When the blind leads the blind.
Confessions Of A Former Surf Instructor
Are we shooting ourselves in the foot?
I once spent a summer teaching surf lessons.
I didn’t think much of it at the time. As far as I was concerned, it was decent money for swimming around and occasionally bodysurfing. Saw a tit once too. That was pretty cool.
I’ve been thinking about those days a lot lately. The people I’d teach. The spiel I’d give. But mostly about the impact surf schools have on our culture.
Right now, I live somewhere with a wild amount of surf schools — picture the most ridiculous amount your logic and imagination can agree on. Then triple it.
There are multiple camps at every beach and a bunch of people who have vans and the license to operate anywhere they please. On a sunny weekend day, some lineups look like a fluorescent foam party in Ibiza (with notably fewer Persians). It’s interesting.
Reflecting on it all: The good. The bad. That titty. Here are some thoughts and confessions from a former surf instructor.
Surf schools give a lot of very good, very core surfers the opportunity to earn a dime doing something they love. Some even make enough to centre their lives around it.
They also give a lot of not very good, not very core surfers the opportunity to make money off of surfing. Ever seen the blind try lead the blind?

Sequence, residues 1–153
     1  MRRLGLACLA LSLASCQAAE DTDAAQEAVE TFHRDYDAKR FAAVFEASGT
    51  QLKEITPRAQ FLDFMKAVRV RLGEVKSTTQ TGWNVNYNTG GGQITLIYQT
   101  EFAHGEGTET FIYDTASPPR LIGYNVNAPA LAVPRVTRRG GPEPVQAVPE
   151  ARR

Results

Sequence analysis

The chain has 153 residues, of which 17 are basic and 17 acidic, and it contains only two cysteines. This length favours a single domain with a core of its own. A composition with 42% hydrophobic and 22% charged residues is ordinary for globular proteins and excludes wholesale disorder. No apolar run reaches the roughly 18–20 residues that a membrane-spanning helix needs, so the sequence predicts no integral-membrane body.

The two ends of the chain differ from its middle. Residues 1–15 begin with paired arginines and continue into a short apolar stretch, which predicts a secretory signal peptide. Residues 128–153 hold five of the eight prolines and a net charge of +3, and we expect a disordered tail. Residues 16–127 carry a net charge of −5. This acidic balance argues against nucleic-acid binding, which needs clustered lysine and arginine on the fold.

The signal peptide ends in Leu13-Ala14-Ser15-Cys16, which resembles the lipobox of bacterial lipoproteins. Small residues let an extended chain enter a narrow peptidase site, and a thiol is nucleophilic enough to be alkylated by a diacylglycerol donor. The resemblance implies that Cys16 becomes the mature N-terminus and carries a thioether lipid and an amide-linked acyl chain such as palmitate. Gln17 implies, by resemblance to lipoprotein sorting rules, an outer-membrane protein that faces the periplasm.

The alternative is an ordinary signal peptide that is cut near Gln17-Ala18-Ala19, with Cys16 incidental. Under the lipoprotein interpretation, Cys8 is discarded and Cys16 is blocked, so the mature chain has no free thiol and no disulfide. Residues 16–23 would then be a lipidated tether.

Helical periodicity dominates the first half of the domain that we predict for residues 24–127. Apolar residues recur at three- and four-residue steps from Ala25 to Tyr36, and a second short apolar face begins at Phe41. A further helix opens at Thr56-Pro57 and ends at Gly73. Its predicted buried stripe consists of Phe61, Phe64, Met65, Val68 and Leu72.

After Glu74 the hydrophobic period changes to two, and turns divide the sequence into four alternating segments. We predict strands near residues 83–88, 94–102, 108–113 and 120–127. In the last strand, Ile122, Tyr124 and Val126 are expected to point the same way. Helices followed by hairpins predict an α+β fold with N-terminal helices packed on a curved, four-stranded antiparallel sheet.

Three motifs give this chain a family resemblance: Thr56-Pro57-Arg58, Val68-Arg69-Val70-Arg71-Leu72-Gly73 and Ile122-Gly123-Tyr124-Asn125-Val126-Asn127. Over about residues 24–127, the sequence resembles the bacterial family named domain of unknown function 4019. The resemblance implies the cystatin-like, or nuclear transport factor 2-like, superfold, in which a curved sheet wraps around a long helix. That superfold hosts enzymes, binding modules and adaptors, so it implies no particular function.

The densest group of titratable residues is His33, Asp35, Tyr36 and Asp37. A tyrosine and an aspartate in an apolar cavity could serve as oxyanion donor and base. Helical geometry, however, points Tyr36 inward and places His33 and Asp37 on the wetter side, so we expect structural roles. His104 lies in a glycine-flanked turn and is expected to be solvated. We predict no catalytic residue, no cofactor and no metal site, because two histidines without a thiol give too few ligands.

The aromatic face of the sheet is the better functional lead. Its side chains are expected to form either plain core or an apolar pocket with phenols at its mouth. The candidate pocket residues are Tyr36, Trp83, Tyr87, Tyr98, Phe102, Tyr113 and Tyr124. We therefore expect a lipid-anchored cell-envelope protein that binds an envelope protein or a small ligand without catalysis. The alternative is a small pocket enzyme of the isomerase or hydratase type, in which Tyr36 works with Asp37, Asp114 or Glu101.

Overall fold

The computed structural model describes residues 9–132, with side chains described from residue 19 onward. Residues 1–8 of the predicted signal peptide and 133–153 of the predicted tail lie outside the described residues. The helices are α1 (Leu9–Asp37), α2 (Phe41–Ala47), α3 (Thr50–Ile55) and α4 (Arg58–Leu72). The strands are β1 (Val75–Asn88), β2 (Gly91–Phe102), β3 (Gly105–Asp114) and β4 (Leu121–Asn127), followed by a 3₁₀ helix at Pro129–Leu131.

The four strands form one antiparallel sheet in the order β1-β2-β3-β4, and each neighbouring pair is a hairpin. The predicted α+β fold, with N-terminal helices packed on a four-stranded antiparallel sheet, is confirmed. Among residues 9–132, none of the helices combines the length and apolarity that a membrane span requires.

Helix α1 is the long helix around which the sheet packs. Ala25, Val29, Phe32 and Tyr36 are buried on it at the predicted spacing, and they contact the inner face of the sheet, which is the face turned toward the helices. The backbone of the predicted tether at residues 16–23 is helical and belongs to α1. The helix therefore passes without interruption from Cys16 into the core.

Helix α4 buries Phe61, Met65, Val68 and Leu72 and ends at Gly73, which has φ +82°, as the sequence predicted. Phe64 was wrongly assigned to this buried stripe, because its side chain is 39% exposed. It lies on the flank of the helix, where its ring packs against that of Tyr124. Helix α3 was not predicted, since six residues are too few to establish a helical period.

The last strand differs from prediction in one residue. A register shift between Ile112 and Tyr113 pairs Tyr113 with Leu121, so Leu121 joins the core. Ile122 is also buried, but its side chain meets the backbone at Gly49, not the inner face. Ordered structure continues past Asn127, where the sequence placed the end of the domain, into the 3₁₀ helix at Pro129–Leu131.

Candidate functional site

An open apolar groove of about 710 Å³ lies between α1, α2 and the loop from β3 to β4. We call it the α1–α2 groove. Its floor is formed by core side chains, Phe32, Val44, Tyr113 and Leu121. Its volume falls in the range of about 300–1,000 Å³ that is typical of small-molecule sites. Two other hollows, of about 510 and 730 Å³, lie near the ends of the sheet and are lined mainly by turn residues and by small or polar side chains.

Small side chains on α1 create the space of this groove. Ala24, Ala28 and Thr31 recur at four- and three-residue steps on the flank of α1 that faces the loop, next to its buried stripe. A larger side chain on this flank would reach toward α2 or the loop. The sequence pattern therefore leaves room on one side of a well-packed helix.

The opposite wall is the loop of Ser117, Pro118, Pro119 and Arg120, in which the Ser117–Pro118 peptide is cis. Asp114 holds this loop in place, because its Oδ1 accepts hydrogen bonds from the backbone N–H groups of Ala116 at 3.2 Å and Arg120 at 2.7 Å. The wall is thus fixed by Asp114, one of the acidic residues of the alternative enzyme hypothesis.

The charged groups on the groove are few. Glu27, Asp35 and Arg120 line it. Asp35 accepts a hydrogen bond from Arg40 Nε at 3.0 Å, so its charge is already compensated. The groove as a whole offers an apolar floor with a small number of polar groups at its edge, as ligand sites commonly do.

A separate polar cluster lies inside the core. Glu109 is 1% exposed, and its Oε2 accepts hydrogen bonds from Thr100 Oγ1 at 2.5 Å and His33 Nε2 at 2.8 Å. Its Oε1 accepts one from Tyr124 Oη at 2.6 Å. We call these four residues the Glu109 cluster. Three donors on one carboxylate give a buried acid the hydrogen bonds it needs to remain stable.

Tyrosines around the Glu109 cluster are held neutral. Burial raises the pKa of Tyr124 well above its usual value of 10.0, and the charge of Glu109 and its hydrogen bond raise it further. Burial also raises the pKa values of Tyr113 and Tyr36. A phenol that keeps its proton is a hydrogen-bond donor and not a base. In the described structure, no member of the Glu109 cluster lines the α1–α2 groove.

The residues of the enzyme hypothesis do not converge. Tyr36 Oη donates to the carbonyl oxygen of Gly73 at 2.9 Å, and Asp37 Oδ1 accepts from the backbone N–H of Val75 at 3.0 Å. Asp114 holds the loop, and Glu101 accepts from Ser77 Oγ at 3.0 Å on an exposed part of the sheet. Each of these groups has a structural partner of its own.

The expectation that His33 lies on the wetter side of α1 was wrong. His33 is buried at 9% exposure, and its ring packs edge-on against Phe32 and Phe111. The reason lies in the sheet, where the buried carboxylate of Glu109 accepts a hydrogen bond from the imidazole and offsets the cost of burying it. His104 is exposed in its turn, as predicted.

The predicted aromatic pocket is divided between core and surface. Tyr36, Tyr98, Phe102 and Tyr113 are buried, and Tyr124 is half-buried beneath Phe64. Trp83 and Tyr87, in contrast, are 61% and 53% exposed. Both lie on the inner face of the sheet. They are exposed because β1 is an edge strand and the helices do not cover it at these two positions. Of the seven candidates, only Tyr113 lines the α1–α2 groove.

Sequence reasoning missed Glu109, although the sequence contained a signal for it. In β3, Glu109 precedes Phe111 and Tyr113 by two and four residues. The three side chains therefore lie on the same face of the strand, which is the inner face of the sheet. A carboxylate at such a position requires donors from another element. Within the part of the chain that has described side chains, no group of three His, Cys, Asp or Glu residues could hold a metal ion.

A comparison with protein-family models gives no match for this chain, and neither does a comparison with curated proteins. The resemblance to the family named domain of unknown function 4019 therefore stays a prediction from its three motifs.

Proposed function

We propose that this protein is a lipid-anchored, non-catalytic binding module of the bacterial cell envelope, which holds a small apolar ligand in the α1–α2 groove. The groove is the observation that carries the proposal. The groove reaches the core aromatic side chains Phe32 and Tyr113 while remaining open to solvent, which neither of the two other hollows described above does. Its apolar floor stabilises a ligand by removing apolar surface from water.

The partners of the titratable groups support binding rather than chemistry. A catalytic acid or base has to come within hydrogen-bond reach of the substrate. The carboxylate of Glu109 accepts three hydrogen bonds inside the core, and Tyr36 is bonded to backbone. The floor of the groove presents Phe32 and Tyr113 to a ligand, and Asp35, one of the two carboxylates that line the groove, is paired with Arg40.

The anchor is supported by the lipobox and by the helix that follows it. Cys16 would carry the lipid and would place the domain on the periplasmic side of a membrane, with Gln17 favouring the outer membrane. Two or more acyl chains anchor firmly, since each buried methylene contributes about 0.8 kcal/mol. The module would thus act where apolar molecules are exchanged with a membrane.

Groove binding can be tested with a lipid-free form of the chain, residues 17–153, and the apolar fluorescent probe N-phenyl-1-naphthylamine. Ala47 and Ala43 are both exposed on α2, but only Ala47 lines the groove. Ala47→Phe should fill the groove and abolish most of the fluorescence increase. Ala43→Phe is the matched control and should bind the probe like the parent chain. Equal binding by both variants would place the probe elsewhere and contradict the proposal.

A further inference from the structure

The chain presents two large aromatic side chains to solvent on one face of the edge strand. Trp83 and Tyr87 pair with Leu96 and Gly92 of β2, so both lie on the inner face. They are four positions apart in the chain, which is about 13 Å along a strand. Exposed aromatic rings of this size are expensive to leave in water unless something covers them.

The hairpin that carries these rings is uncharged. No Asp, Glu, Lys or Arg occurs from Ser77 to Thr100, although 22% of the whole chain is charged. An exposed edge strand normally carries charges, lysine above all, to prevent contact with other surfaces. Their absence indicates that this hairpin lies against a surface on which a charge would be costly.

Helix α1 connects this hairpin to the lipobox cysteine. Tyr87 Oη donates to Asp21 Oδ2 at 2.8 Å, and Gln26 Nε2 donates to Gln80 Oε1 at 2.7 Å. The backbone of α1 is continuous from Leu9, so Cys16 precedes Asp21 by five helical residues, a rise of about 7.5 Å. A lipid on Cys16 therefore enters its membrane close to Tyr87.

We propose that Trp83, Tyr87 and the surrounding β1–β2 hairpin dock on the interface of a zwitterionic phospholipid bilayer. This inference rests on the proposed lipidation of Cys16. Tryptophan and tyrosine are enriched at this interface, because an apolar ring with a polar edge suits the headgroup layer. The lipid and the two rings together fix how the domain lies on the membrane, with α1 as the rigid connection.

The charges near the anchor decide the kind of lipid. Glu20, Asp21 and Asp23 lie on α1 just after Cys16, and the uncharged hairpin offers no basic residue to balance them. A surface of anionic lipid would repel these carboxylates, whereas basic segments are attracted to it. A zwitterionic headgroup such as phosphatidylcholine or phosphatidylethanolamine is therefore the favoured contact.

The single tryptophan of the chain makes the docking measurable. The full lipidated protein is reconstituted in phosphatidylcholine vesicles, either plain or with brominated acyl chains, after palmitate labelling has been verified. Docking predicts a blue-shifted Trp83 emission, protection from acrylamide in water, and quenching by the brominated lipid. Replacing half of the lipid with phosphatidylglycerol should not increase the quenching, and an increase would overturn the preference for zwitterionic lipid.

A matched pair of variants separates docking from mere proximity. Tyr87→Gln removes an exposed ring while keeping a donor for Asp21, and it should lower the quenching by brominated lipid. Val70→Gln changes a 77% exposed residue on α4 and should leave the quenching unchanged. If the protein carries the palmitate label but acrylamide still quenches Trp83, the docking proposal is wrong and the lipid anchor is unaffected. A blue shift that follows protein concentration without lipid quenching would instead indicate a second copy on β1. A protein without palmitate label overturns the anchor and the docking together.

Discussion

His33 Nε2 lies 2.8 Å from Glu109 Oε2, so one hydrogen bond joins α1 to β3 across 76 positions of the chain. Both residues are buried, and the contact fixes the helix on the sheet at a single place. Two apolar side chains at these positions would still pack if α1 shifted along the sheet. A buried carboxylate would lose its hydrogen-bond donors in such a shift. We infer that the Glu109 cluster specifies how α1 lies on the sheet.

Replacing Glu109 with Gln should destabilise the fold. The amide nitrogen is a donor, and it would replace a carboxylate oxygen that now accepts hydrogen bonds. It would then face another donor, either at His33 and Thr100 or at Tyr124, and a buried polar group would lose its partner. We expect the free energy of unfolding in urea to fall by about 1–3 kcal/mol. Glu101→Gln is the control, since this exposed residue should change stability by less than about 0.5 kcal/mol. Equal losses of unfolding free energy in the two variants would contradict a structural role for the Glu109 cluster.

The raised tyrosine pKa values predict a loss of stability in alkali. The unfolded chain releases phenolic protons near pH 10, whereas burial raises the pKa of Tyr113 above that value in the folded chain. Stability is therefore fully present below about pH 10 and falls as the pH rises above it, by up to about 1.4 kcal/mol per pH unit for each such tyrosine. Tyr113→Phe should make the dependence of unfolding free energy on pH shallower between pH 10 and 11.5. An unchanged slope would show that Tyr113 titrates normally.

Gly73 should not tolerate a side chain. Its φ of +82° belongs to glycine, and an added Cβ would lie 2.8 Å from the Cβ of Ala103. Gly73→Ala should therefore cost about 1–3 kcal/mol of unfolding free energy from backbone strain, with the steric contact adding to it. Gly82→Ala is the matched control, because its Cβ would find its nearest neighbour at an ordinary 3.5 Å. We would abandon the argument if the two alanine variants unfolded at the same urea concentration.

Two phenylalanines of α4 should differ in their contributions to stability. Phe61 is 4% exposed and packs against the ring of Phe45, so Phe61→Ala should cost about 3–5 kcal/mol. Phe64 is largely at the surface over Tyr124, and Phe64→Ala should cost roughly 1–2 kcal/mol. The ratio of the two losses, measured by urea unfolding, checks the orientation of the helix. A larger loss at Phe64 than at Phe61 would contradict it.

There was probably a time when surf schools were thought of as immoral. When people figured it was a direct commoditization of something that had so much soul. I still think there’s something to be said there.
It’s cliché as fuck, but there really is something cool about teaching a kid who gets flat-out into it. Maybe it’s because kids approach everything they do — digging a hole, throwing a rock, anything trivial — with 100 percent enthusiasm. They don’t think about how you should be doing this, or how other people do that, or what might be considered cool. They just do it. That’s the way that surfing is meant to be approached.
None of that happens when you teach an adult. Even if they’re picking it up quick, it feels so fucking dorky. Like they’re trying to solve an algebra problem or something. I’m not saying that adults shouldn’t learn how to surf. I am saying that, without having a good friend to teach you, there’s no smooth way to start.
There’s nothing worse than whoring surfing out to someone who you can tell has no interest in it.
A good lesson will teach you etiquette. I always did. If someone goes through a proper system, they’re going to end up way better off than someone cowboying it on their own. Not all surf schools teach with proper systems.
Wave pools pose no threat to surf schools. They are two separate things. And they will always be two separate things to all levels of surfers.
Lineups are getting more crowded due to surf schools, but not by all that much. Most people want nothing more than an hour to fill during their day at the beach. And the people who take a lesson, fall in love and dedicate themselves to surfing obviously aren’t a problem. People who take a bad lesson and leave with no understanding of how things actually work can be a problem though. So can Ibizan foam parties.
In short: Teaching a surf lesson comes with a lot of responsibility.
Indulge in jokes about my career, face, writing, contributions to society, etc below.